Hollywood has lost a second iconic voice in less than 24 hours. Lauren Bacall, star of screen, stage and television, passed away at the age of 89 Tuesday.
The Toronto International Film Festival announced more selections Tuesday for the upcoming 2014 edition of the annual awards season kick-off. The majority of the festival's program was announced last month, but this group includes intriguing world premieres from notable directors such as Todd McCarthy ("The Cobbler") and Gina Prince-Bythewood ("Beyond the Lights").
Sony Pictures has jerked David Ayer's World War II drama "Fury," starring Brad Pitt, from an original Nov. 14 release date to Oct. 17. That's a date currently occupied by the limited bow of Alejandro González Iñárritu's "Birdman," which shares a producer with "Fury" in John Lesher, but it puts the film right in the mid-month corridor that has worked out for awards season players like "Argo," "Gravity" and "12 Years a Slave" in recent years.
To a generation, Robin Williams, Billy Crystal and Whoopi Goldberg will forever be linked. The trio of comedy talents hosted the groundbreaking "Comic Relief" specials from 1986 to 2006. Over those two decades all three stars had major ups, major downs and ended up hosting the Academy Awards (OK, technically Williams hosted the Oscar show four days before the first "Relief," but it had been announced). And when one hosted you could almost guarantee one of the remaining two would appear as a presenter on the show with a wave or a kiss back to his or her good friend.
She's a two-time Academy Award nominee who has delivered impressive performances in films such as "The Tree of Life," "The Help," "Take Shelter," "The Debt," "Zero Dark Thirty," "Mama" and the upcoming "The Disappearance of Eleanor Rigby." She's been called the next Cate Blanchett or Meryl Streep (take your pick). Yes, Jessica Chastain is well on her way to earning the title of America's finest actress, and it turns out we may have Robin Williams to thank for her.
I had to stop and think about it. When was the first time I encountered Robin Williams? I'm pretty sure it was reruns of "Mork & Mindy" at a young age, if not the boisterous Oscar-nominated performance he gave in Barry Levinson's "Good Morning, Vietnam." By then he had already dazzled countless audiences in "The World According to Garp." Whatever it was, like so many, it was the start of, as his widow noted in a release, "countless moments of joy and laughter" he would deliver for the next three decades of my life. And now, he's gone.
One of the films we've been expecting to land on the annually secretive Telluride line-up this year is Werner Herzog's "Queen of the Desert" with Nicole Kidman. A period piece chronicle of the life of traveler, writer, archaeologist, explorer and political attaché Gertrude Bell, the film sounds like it could be a meaty opportunity for Kidman, and if a studio were to bite at these late stages and prime a strategy, it might even be a potential awards player. Alas, the film won't be ready for the early festival circuit, at the very least, and that includes Telluride.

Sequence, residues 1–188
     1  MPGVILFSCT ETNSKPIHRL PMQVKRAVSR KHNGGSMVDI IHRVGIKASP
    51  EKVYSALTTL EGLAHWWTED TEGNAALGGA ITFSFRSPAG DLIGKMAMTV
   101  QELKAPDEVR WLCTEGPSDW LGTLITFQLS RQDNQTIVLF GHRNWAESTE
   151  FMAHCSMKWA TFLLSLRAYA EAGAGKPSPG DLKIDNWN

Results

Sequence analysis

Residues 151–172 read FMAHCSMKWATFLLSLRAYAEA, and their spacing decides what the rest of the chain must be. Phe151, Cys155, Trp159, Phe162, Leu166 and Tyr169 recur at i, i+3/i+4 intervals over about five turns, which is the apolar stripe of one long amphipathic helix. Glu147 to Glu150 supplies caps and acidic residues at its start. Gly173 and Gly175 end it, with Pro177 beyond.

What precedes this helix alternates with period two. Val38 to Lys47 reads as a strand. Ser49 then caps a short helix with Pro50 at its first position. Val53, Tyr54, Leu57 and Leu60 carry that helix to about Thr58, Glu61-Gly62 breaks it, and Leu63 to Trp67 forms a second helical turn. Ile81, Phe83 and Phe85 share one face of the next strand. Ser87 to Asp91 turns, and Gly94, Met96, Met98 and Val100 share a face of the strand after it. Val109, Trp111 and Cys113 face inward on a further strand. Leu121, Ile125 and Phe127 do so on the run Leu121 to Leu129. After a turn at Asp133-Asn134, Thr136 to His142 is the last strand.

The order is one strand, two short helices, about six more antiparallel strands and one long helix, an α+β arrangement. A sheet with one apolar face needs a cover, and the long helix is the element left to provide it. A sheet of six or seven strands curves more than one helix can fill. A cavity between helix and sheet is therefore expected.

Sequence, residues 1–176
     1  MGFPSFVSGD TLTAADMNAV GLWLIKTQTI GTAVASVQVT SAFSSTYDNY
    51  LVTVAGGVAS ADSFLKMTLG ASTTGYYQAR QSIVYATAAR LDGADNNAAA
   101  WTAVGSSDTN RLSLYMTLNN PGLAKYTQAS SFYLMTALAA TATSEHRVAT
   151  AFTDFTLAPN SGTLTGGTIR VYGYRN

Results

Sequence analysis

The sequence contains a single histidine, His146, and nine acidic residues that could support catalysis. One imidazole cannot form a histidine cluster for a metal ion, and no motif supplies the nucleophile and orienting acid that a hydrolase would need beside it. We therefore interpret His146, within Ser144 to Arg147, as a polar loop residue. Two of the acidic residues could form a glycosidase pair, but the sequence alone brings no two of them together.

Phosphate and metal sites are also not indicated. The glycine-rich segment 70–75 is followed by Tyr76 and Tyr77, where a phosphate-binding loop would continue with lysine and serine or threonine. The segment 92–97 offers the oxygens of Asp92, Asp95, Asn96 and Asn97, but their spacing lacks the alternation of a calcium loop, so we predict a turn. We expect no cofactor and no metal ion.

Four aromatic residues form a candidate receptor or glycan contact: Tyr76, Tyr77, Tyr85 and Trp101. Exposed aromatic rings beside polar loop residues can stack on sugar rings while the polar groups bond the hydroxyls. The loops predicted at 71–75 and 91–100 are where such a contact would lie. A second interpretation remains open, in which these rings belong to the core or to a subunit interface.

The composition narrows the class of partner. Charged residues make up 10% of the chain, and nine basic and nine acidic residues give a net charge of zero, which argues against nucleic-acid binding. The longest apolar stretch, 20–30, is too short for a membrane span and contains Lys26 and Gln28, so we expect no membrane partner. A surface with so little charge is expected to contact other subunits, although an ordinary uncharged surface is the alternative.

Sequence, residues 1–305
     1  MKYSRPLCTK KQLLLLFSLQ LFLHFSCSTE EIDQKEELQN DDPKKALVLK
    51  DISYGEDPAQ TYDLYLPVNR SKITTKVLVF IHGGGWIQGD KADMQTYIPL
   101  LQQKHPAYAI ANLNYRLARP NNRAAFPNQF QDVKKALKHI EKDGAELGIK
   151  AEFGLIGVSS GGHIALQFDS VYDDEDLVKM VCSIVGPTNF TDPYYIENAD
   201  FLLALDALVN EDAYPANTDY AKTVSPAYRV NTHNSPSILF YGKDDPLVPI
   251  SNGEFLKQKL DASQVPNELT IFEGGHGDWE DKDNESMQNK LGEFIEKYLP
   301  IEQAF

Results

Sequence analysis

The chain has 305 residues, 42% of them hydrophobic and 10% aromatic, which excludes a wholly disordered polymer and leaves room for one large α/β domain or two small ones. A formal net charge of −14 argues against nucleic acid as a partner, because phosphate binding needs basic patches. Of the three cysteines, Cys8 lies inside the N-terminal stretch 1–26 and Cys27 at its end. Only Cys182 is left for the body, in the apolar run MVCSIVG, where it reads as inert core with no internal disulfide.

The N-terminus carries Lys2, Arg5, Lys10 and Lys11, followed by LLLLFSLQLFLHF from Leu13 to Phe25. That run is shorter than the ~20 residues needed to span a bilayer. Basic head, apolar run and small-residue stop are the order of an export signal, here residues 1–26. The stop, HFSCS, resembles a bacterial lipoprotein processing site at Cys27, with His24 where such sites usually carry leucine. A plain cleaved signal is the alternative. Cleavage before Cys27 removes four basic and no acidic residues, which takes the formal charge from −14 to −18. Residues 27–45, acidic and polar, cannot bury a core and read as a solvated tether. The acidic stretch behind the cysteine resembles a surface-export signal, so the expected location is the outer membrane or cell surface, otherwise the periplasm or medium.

One of the better movies I missed at this year's Cannes Film Festival turned out to be Matthew Warchus' crowd pleaser "Pride." The British film made its debut in Director's Fortnight and, unfortunately, as less hectic as Cannes is compared to its prestige festival cousins it rarely allows you to catch up with everything on the schedule. From a distance the film seemed like "The Full Monty," "Waking Ned Devine" or "Calendar Girls" with a slight Working Title spin. Basically, a movie I could catch down the road. Plus, it was screening at the end of the festival when there were a number of other priorities. Excuses, excuses, excuses. Needless to say, I'm kicking myself for not seeing it at Cannes because it's a good one.
Despite his work being sometimes tepidly received at all corners of the globe, James Franco, the filmmaker, has been a major force on the world festival stage. He'll be showing up at Venice once again this year with his William Faulkner adaptation "The Sound and the Fury," but while he's there he'll be picking up some hardware.
I sort of feel like if you can check your brain for "Guardians of the Galaxy," you can check your brain for "Teenage Mutant Ninja Turtles." These things are both basically children's movies. Yeah, Marvel's big end-of-summer king got a lot of great reviews, but it also instantly shot to the top of the most-overrated-film-of-the-year-by-a-staggering-margin list. And I liked it just fine! We're just in this weird space of polar reactions. The media either has to love something or hate it. I feel like these two movies are a perfect illustration of the inherent hypocrisy in that, but that's just my opinion.